When I told family and friends that I wouldn’t be going to Peru and I’d be going to Little Rock instead, the almost universal response I received was “Oh no, I’m so sorry.” Perhaps I’m too much influenced by other peoples’ opinions, but seeing others’ responses only increased my anxiety. I felt like I was about to waste a year of my life. It was far from home, I had no connections there. What’s even in Arkansas, anyway? As much as I tried to go into my YAV year with a positive attitude, I was resentful and deeply wounded. I decided to post a picture-a-day in a facebook album as an attempt to try to find beauty in my every day life, and maybe also as a way to prove to myself (and everyone else) that my year in Arkansas would not be a waste.

I was shocked at how much I came to love Little Rock. This city, and Ferncliff especially, has been a space that has done nothing but healing work in my life. I left Arkansas filled with gratitude and love for everyone who showed us their abundant kindness, generosity, and hospitality. There were seeds planted within me that will continue to bear fruit for the rest of my life.

I loved it so much, in fact, that I decided to do a second YAV year! And this time, I really am going to Peru! More specifically, I’ll be in Moyobamba (a small city in the rainforest) working with a program that serves children who are deaf. I’ll learn Peruvian Sign Language (and Spanish. And teach Peruvian Sign Language…in Spanish). Eventually, I’ll teach classes in the community, especially for parents with no other means of communicating with their children.

This is a video Marie, the Little Rock site coordinator, and I made about my YAV year this year and next year!

Like Marie said, YAV program asks that we raise a minimum of $4,000 for our YAV year. If you would like to walk alongside me in this journey by supporting me financially, here are two ways to help:

  1. Send a check to:Presbyterian Church (USA)
    Remittance Processing
    PO Box 643700
    Pittsburgh, PA 15264-3700
    with the memo: “Emily Wilkes Peru E210805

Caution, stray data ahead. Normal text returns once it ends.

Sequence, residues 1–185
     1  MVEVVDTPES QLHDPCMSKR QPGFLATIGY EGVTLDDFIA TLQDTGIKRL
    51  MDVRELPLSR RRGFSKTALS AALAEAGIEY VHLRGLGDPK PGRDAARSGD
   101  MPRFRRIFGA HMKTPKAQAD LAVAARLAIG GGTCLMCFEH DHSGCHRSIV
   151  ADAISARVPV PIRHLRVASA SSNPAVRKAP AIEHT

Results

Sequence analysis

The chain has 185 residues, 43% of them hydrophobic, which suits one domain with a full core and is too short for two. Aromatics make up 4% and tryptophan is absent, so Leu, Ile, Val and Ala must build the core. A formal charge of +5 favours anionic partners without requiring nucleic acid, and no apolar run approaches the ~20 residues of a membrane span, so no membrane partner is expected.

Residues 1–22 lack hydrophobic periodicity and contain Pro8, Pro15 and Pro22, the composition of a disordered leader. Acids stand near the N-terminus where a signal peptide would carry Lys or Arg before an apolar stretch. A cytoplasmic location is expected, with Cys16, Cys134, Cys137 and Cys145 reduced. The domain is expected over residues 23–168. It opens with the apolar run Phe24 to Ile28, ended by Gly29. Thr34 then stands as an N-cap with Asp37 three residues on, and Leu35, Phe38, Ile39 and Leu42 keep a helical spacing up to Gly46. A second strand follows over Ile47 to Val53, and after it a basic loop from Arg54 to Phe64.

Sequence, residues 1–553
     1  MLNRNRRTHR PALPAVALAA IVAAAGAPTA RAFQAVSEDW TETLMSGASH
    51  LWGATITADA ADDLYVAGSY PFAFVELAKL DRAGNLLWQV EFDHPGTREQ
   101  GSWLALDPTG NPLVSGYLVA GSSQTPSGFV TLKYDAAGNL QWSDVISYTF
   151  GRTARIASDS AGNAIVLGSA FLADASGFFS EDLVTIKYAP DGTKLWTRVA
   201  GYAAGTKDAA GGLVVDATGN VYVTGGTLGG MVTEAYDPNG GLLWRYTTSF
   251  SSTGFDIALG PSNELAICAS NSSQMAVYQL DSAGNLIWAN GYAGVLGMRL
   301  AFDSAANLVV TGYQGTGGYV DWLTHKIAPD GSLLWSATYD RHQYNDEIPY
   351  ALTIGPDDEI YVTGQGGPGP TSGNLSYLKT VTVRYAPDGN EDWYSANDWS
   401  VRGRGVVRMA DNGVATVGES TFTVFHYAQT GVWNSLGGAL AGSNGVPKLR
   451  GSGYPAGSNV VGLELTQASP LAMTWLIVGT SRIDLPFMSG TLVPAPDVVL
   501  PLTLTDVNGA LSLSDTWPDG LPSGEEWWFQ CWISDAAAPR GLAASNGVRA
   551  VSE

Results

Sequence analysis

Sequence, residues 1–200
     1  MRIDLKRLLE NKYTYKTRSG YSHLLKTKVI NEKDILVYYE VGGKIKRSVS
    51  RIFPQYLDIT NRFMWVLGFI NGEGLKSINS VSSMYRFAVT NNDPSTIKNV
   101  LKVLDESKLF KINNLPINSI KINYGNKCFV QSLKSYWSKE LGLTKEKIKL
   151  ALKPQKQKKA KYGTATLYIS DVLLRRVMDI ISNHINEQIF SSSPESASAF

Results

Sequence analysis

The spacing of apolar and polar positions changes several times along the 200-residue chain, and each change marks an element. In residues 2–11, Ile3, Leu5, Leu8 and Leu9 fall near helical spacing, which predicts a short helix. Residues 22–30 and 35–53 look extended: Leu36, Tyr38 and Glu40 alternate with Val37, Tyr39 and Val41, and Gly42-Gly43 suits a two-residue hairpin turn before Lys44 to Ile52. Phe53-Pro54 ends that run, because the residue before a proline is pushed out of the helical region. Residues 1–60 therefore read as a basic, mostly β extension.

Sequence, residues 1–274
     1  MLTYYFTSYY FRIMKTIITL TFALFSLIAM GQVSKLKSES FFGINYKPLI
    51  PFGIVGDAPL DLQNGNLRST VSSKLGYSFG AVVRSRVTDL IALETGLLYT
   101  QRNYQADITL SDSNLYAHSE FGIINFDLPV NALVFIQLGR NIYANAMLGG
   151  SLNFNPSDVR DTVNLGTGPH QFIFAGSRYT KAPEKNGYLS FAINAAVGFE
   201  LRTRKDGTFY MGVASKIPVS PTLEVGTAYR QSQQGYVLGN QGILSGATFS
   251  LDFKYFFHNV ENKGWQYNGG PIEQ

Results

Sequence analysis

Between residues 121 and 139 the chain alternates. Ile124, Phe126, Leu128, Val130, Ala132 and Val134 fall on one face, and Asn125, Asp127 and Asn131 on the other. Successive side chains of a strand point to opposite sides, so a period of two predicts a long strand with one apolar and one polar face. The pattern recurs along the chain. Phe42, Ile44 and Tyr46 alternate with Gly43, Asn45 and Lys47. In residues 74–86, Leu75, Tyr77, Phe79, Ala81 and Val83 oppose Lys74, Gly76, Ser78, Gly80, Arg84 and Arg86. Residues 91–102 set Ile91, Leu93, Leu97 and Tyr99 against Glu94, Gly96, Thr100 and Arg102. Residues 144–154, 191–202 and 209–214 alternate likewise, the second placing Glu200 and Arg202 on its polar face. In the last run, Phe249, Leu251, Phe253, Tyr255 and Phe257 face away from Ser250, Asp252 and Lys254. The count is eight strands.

2. Click here to donate online


I am so filled with gratitude and peace. And nervousness and excitement for my upcoming year. To mark the space between my years, I want to offer the prayer that inspired the name of my blog, a step along the way. It comes from a prayer often attributed to Oscar Romero, an Archbishop in El Salvador who was assassinated for speaking out against government corruption, injustice, and poverty.

It helps, now and then, to step back and take a long view.

The kingdom is not only beyond our efforts, it is even beyond our vision.

We accomplish in our lifetime only a tiny fraction of the magnificent
enterprise that is God’s work. Nothing we do is complete, which is a way of
saying that the Kingdom always lies beyond us.

No statement says all that could be said.

No prayer fully expresses our faith.

No confession brings perfection.

No pastoral visit brings wholeness.

No program accomplishes the Church’s mission.

No set of goals and objectives includes everything.

This is what we are about.

We plant the seeds that one day will grow.

We water seeds already planted, knowing that they hold future promise.

We lay foundations that will need further development.

We provide yeast that produces far beyond our capabilities.

We cannot do everything, and there is a sense of liberation in realizing that.

This enables us to do something, and to do it very well.

It may be incomplete, but it is a beginning, a step along the way, an
opportunity for the Lord’s grace to enter and do the rest.

We may never see the end results, but that is the difference between the master
builder and the worker.

We are workers, not master builders; ministers, not messiahs.

We are prophets of a future not our own.

I’m thankful to be in this liminal space, in transition from one transformative year to another. I’m thankful for every person and community that has lifted me up, and shown love and encouragement along the way.

Hasta luego!